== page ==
Monday, September 14, 2009


When the 1901 Philippine Commission was selecting for us our National Hero, the initial winner by a unanimous vote was Marcelo Hilario Del Pilar.
The said patron saint of Filipino journalist -- who founded Diarong Tagalog in 1882 and edited La Solidaridad which he co-published in 1889 -- lost to Jose Rizal.
All because he died -- on the fourth of July in 1896 – in a pathetic fashion?
Compared to the latter's dramatic death by firing squad, his was due to tubercolosis!
Now, nevertheless, this poet hailed for his parodies is immortalized, for the sixth time, not by his alma mater, University of Santo Tomas where he finished law in 1880, but by another national, the University of the Philippines through its College of Mass Communication.
His ideas and ideals inspired them to give the annual award that honors a Filipino media practitioner whose professional integrity and commitment to public service are reflected in his or her exemplary achievements in print, film, radio, television or the new media.
Named after his most famous penname, the UP Gawad Plaridel for this year will be awarded to the independent filmmaker Kidlat Tahimik for his outstanding contributions to filmmaking via some of his classics like Mababangong Bangungot [Perfumed Nightmare] (1977), Turumba (1981), Sinong Lumikha ng Yoyo? Sinong Lumikha ng Moon Buggy? (1982), Why is Yellow Middle of Rainbow? (1994), Japanese Summers of a Filipino Fundoshi (1996), among others.
The artist formerly known as Eric de Guia, this self-taught cineaste – who is a former U.P. Student Council president -- has a Master in Business Administration from the University of Pennsylvania's Wharton School of Business before serving as a researcher for the Organization for Economic Cooperation and Development (OECD) in Paris from 1968 to 1972.
A recipient of the Berlin Film Festival International Critics Award (1977), Mannheim Film Festival Top Cash Award (1981), to name a few -- Kidlat Tahimik joins past UP Gawad Plaridel awardees Eugenia Duran-Apostol (2004, Print Journalism), Vilma Santos (2005, Film), the late Fidela “Tiya Dely” Magpayo (2006, Radio), Cecilia “Cheche” Lazaro (2007, Television) and Pachico A. Seares (2008, Community Journalism).The awarding ceremonies is scheduled on July 10, 1:30 pm, at the Cine Adarna of the UP Film Institute where UP Pres. Emerlinda Roman, Chancellor Sergio Cao, and CMC Dean Roland Tolentino and other officials will hand his trophy sculpted by National Artist Napoleon Abueva.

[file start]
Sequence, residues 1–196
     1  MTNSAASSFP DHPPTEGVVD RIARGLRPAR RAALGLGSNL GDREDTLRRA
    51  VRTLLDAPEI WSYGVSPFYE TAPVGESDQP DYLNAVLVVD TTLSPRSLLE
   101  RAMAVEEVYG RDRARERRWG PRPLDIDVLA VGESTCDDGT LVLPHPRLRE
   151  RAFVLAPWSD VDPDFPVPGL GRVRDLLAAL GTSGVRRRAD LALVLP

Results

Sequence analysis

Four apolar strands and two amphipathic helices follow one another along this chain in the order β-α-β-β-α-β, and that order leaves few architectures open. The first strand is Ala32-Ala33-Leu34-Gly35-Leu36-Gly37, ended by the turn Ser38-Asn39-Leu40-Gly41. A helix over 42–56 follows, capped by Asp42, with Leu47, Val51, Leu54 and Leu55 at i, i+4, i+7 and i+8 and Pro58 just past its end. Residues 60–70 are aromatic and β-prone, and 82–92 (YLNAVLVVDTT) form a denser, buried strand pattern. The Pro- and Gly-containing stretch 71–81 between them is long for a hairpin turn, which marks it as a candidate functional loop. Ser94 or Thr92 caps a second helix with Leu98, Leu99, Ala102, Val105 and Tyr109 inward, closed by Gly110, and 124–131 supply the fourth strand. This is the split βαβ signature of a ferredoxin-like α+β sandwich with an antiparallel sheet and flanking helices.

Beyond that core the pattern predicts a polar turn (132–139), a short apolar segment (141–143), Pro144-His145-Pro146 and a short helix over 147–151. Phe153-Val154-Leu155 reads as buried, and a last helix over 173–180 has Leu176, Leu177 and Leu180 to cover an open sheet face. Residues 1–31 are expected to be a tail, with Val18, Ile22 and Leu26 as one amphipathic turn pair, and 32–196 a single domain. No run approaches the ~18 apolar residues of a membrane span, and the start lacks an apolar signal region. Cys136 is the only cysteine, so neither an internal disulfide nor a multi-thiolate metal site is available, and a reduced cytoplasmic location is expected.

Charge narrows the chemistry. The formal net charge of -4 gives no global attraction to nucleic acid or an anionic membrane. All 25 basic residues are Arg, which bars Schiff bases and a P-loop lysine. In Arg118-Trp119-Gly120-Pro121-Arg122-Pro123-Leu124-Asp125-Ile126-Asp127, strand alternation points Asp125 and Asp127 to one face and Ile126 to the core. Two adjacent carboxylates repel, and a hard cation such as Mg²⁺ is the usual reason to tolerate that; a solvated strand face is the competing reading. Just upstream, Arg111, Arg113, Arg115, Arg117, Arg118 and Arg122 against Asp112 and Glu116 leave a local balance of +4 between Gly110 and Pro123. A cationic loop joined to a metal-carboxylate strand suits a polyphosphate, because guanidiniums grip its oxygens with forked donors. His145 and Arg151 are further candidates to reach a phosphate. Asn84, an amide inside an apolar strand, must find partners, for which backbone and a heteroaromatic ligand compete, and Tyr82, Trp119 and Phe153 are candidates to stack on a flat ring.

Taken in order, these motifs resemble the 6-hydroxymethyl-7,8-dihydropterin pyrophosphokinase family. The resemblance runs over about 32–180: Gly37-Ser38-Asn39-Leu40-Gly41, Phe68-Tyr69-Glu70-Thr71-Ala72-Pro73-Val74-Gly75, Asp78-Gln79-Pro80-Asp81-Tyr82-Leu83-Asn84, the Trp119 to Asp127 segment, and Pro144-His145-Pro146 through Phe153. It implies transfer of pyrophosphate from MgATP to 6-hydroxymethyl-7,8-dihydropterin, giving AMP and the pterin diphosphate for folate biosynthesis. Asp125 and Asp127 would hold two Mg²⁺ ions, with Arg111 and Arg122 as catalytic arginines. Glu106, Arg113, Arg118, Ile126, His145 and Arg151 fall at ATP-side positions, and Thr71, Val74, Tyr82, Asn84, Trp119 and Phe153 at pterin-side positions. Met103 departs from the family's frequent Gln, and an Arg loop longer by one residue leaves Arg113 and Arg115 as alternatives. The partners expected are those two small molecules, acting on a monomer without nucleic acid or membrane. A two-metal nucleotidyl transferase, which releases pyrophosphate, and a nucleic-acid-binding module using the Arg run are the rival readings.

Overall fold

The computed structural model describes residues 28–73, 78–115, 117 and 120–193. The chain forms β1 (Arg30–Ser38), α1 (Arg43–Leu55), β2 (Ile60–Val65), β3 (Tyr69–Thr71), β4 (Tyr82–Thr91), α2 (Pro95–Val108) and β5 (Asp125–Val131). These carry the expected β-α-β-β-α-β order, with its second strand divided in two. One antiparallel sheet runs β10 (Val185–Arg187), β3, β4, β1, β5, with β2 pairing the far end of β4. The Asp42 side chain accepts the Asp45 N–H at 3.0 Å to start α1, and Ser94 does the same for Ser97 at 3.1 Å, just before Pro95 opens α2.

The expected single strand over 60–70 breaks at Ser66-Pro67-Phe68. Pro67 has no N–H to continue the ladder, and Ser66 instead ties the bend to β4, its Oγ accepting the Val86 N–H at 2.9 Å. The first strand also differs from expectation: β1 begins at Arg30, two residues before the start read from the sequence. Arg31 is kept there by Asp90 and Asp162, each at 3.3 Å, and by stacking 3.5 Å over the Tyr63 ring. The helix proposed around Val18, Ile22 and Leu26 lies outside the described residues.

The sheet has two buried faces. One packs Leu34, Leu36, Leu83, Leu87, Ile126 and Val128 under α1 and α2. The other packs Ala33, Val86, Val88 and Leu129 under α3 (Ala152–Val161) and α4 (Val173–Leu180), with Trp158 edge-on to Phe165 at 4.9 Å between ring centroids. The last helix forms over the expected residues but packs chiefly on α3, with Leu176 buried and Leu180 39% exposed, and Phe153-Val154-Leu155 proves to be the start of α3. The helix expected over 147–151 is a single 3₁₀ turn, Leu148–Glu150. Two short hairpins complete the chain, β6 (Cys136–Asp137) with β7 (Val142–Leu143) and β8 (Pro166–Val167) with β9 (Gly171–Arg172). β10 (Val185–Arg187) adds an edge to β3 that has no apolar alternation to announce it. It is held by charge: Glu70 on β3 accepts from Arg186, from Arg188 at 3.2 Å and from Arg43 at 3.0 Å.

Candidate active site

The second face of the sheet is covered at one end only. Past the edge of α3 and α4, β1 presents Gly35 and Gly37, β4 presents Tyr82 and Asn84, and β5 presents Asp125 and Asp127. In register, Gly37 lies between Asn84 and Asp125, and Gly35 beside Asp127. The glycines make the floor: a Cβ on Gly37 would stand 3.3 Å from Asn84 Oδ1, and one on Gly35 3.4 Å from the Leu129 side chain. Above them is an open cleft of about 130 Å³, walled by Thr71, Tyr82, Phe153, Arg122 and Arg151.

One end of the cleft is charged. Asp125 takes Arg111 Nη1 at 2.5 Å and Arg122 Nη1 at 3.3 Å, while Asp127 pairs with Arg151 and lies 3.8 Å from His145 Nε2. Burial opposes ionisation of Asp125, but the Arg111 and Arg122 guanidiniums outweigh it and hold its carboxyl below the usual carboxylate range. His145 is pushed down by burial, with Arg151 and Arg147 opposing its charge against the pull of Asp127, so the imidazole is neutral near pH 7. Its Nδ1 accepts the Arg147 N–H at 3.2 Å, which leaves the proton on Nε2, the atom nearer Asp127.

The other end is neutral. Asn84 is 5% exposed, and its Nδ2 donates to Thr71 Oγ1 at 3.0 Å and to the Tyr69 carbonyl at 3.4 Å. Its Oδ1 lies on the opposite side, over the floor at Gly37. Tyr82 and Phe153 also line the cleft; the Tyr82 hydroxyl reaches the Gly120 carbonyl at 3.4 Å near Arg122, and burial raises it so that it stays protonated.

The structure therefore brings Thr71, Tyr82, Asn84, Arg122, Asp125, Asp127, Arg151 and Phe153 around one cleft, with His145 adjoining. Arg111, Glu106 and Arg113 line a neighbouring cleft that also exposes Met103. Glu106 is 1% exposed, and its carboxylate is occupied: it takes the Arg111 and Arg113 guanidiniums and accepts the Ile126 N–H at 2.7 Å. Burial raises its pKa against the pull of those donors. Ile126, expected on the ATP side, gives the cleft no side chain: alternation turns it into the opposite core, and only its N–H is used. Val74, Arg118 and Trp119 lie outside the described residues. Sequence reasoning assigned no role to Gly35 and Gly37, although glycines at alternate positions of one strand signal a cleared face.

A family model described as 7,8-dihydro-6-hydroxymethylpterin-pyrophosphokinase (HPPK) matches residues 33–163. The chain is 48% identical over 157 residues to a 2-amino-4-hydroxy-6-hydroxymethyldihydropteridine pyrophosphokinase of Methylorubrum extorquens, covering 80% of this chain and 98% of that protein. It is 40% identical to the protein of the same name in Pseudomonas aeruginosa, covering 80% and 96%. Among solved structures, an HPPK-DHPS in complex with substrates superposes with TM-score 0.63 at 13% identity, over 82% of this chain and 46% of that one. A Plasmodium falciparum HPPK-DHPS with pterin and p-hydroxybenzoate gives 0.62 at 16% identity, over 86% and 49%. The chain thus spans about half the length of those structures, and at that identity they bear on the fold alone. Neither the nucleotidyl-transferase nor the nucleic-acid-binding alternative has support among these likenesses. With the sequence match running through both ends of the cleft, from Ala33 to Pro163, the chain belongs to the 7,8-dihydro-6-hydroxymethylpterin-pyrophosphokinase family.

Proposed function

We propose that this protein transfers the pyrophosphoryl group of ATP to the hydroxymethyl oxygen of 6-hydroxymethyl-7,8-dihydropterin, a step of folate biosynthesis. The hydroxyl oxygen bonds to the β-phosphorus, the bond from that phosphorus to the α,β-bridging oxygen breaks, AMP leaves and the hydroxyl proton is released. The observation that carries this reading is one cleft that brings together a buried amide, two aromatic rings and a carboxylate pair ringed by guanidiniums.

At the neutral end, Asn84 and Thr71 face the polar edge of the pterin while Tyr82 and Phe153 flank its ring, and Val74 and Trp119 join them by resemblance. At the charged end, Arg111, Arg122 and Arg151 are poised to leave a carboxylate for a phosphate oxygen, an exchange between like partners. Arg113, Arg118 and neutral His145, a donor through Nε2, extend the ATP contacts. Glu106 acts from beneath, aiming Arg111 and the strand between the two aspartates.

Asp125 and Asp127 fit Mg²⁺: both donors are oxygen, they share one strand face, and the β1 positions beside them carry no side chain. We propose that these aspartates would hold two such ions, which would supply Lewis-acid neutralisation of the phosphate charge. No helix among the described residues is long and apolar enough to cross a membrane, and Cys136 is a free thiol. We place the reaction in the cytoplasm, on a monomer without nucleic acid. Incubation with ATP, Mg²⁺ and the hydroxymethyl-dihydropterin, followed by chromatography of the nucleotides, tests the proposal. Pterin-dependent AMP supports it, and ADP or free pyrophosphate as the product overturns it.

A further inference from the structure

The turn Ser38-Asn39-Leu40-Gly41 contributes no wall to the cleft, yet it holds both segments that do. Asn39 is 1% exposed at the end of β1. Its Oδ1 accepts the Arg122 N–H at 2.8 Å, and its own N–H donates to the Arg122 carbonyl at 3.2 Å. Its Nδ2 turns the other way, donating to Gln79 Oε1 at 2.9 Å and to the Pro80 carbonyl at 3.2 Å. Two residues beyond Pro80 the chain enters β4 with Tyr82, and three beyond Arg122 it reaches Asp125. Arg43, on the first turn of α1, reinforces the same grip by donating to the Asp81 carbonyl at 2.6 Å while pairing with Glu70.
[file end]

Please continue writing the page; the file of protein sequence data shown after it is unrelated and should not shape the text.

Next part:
Double-gifted, indeed, is our Philippine indie cinema lately since Kidlat Tahimik, its Father, also won the Natatanging Gawad Urian Lifetime Achievement Award last year while its Grandfather, Manuel Conde is reportedly one of the latest National Artist for Film.
Same day, at 8pm, you can watch Philippine Ballet Theatre's interpretation of the Maranao epic, Darangen ni Bantugen at the Tanghalang Nicanor Abelardo of the Cultural Center of the Philippines. Up to July 12, at 3pm, the PBT will be dancing a full-length production of the pre-Islamic epic that tells the story of the Maranao people and the odyssey of their local mythical hero, Bantugen.
Even before the ballet’s premiere in May 2008, Darangen ni Bantugen has been declared by UNESCO as one of the Masterpieces of the Oral and Intangible Heritages of Humanity. This time, the epic, portrayed in classical dance form, is choreographed by Gener Caringal and Ronilo Jaynario, with music by Jesse Lucas and set and costume design by National Artist Salvador Bernal. PBT is offering a 50% discount on ticket sales for students. If you have any questions, and if you want to avail of the said offer, you may contact the PBT Office at 09178422392. On Saturday, July 11, start your day as early as 8 a.m., by joining students, teachers, others for a storytelling workshop with South African writer/artist/storyteller Gcina Mhlophe. Ms. Mhlophe will share her views on what makes a good storyteller. Make it an opportunity to learn or, perhaps, earn from your untapped skills and talent. Workshop fee of P300 includes a workshop kit, snack and coffee, tea or juice. For details, kindly contact Maricel Montero or Liza Lim or Charlot Cachuela at 523-1797/98, 536-0595 or email This special event is held in partnership with the Embassy of the Republic of South Africa.